XX.

However we already know from XVI that a cycle of this sort isn't possible, and that the first part of the series must  increase to more than three times the first term.

So next I want to look at whether it is possible to start from a series like this, but to adjust the terms upwards so as to reach a feasible value of 2^z(n)

We can generalise this kind of series in a word equation thus:

3^y(n) + [an integer tending up towards 3^y] + [a final term 2^(Z-2)  > 1/3 v(LE)] = 2^Z(n)

To rule this out we need to show three things.
1) The last term always increases by a significant ratio between v(LE) and v(HE).
2)  In the loop from LE to 2^z(LE) and the loop from HE to 2^z(HE) the value of 2^z is the same.
3) We can't increase the first part of the chain by enough to reach the necessary power of 2^z(n)

1) When we look at v(n) for the -17 cycle, we see that the numbers effectively move backward through a loop, not quite returning to their starting position:

11110111000
11101110001
11011100011
10111000111
11100011110
11000111101
10001111011

If a one follows a zero, then the number of zeros it follows tells us how much less than 2^(z-y) this number will increase by between LE and HE. So for v(-17) we have:

11110111000

The initial 1 follows three zeros (viewing this as a loop). So it increases by 8 times less than 2^(z-y) (by x2 instead of x16). The fifth 1 follows one zero, so it increases by 2 times less than 2^(z-y) (by x8 instead of x16).

2) As we go through the cycle from LE to LE or from HE to HE the total number of 3n+1and halving steps is the same. So, in the value of 2^z(LE) we reach and in the value of 2^z(HE), the value of z is the same.

Simons & de Weger have shown there is no k-cycle up to k = 68
This means that in the binary series expressing v(LE) there are at least 68 discrete groups of zeros.

This means that the last term must increase by at least 2^68 from LE to HS(because there are at least 68 zeros that don't precede it)

So now we need the series for v(LE) to be more like
3^y(n) + [an integer tending up towards 3^y] + [a final term 2^(Z-2)  > 1/3 v(LE)] = 2^(Z+67)(n)

The right hand side is 2^67 higher, which means that the final term has the required space to grow from v(LE) to v(HE) while z remains the same (in this case z = Z+67)

This is clearly not possible as we would have too many halving steps for a loop. In other words the left hand side of this 'equation' is less than 2^Z(n), while the right hand side is 2^67 times larger than that.

But can we close the gap by increasing the terms on the left hand side?

3) Each time we increase a term in the series (whether it is the the final term or not), we increase the potential value of 2^z. However, if we double the series (excluding the last term), then we also have to double the last term from 2^(Z-2) to 2^(Z-1) in order for it to stay higher than 1/3 v(LE).

This has the knock-on effect that we have to increase the power of 2 on the right hand side of the equation (because we still need to make sure that there is room for the final term to grow by 2^68 from v(LE) to v(HE)

So we can't ever close the gap, and it is impossible for there to be an equation of this sort.
XXI.

It is not possible that J > 1/3[v(LE)] for a k-cycle where k is greater than 68.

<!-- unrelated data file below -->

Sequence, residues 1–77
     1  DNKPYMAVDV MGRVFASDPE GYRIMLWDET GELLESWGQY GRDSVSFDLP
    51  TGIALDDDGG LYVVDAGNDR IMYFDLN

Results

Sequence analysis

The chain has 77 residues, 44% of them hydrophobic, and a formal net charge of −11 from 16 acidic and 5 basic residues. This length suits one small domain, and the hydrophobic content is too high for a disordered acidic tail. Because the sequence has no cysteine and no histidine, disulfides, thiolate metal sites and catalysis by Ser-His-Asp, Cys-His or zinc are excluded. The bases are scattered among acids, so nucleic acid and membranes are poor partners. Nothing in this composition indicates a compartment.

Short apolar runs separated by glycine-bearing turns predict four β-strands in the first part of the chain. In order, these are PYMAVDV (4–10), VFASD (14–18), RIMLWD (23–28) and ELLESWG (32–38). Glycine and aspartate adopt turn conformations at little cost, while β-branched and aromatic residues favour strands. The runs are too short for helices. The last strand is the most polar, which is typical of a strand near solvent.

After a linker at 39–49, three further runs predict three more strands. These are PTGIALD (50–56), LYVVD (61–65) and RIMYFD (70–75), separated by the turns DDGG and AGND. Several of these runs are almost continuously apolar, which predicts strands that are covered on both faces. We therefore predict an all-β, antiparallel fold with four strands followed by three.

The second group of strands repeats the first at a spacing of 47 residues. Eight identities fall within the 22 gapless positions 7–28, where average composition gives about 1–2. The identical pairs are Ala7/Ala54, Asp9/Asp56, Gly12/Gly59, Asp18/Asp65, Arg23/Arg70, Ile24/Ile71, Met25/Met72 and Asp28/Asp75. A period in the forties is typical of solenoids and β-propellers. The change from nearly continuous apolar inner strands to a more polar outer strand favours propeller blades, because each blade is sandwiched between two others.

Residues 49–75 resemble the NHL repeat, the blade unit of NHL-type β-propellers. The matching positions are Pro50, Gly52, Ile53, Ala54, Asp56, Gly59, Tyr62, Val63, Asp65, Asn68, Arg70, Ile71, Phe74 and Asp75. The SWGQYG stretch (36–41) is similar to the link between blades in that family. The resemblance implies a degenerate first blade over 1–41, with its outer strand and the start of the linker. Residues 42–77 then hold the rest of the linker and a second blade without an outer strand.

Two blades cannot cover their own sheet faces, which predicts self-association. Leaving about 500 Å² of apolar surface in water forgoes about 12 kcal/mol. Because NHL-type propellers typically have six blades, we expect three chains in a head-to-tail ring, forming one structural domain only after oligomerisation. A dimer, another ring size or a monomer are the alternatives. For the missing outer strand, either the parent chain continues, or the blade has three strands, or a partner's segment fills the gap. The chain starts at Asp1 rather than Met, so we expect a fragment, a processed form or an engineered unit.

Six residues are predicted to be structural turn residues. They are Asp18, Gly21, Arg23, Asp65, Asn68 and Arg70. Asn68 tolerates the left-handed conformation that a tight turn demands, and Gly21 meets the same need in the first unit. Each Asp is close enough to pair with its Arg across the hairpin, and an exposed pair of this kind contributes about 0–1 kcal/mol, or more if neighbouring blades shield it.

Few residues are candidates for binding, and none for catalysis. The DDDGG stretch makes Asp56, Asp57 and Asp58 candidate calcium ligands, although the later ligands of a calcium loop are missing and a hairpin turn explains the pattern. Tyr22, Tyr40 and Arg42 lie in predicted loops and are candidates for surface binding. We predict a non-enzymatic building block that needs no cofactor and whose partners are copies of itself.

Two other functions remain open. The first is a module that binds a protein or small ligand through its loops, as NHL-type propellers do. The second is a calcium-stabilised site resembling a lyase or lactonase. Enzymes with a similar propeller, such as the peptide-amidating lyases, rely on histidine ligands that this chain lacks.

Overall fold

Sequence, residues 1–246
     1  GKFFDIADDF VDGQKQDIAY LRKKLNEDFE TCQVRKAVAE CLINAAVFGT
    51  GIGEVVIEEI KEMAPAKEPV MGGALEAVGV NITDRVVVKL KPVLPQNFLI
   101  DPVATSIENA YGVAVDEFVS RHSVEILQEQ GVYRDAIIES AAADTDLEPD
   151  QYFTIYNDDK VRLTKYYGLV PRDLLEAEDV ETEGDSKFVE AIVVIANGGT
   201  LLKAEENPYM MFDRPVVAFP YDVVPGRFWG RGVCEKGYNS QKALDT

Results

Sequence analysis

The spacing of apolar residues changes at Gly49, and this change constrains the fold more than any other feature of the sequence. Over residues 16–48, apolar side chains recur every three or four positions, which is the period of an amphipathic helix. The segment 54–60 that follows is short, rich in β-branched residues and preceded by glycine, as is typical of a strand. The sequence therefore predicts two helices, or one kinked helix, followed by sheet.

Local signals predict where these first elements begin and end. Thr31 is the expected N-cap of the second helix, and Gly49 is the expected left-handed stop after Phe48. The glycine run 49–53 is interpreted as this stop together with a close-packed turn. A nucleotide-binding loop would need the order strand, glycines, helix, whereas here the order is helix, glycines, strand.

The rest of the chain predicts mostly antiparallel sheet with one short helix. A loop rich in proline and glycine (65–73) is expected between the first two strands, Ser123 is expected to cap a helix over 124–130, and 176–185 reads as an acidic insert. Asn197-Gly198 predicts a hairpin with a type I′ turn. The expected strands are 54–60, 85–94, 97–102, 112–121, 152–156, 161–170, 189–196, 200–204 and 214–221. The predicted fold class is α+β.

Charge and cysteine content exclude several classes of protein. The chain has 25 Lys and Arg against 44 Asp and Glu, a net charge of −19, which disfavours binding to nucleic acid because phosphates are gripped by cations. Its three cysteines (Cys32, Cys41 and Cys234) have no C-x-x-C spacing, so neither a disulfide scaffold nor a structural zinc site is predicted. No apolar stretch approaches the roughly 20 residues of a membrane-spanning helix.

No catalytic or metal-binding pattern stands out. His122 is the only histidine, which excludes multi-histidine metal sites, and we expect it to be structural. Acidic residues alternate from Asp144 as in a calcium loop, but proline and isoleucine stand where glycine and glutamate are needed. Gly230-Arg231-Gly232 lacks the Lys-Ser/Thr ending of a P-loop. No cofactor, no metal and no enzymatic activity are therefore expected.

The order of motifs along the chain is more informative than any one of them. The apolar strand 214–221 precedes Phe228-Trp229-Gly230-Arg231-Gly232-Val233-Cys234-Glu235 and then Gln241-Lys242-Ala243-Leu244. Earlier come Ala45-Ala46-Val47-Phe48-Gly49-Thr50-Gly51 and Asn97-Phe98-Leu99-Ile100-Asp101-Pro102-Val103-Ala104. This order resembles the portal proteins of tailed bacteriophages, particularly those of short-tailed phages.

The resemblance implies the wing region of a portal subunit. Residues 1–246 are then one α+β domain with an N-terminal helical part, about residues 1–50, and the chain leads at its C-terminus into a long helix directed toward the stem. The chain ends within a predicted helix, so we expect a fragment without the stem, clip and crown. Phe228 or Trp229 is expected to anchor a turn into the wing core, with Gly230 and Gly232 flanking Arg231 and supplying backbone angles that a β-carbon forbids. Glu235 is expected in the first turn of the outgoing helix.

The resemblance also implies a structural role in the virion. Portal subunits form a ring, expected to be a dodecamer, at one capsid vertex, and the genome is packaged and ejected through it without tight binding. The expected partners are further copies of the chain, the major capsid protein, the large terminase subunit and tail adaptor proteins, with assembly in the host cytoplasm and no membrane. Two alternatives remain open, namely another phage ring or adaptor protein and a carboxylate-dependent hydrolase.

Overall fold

Therefore there are no 3n+1 chains that satisfy the conditions for a loop.

Therefore there are no 3n+1 cycles other than 1, 4, 2

Appendix A

Just to clarify how the equation referred to is derived. In order to ‘ignore the halving’ in a Collatz chain, we can adjust the basic calculation as below – I’ll work through an example, then show how this can be generalised.

For the Collatz chain 17 - 13 - 5 - 1, the process works like this.

17 x 3 + 1 = 52
We would halve twice to get from 52 to 17, so to reflect that we add 4 (=2^2) at the next step.
52 x 3 + 4 = 160
We would halve 3 times to get from 40 to 5, so now we have to increase the amount we add by 3 powers of 2 – from 4 to 32 (2^2 to 2^5).
160 x 3 + 32 = 512

To compute this, at the first step we multiply by 3 and add 1.
For every subsequent step we multiply by 3, express the result as 2^n x (an odd number) and add 2^n

And as we progress this generates the adjusted Collatz chain:

17 ~ (4 x 13) ~ (32 x 5) ~ (512 x 1)

The final sum can now be expressed thus:

(27 x 17) + (9 x 1) + (3 x 4) + 32 = 512

In general we would need to show that for any odd number X there is a calculation of this sort that adds up to a power of 2. The calculation can be generalised thus:

(3^n x X) + 3^(n-1) + [2^a x 3^(n-2)] + [2^b x 3^(n-3)] …. + [2^c x 3]+ 2^d = 2^e

The calculation can be of any length (as indicated by the dots) but must fit two requirements:

1)      The power of 3 falls by one in each term, until we reach 2^n x 3^0 in the final term.
2)      The power of 2 increases in each term but can rise by more than 1 at a time – so in the example above e>d>c>b>a.

## Monday, 20 October 2014

### Level n numbers tend to 1 in 2(3^n)/3 of the outputs produced by the 'pqr function'

An attempt at a geometrical proof  that the proportion of level n Collatz numbers in a very large region tends to 1 in 2(3^n)/3 of the outputs produced by the 'pqr function'

This is what I am calling the 'pqr function' (for want of a better name)

•  Any odd number p can be expressed as 2^n – q where 2^n is the first power of 2 higher than p.
•  Express q as a series of powers of 2 in ascending order. For instance, where p = 475 (and 2^n = 512), q = 37 = 1 +  4 + 32
• Restrict the inputs to this function to numbers q < 2^n/8
• Multiply each term in this series by a power of 3 with the power descending by one for each term (ending with 3^0).
• So in this case 1*9 + 4*3 + 32*1 = 53. We’ll call this number q(3).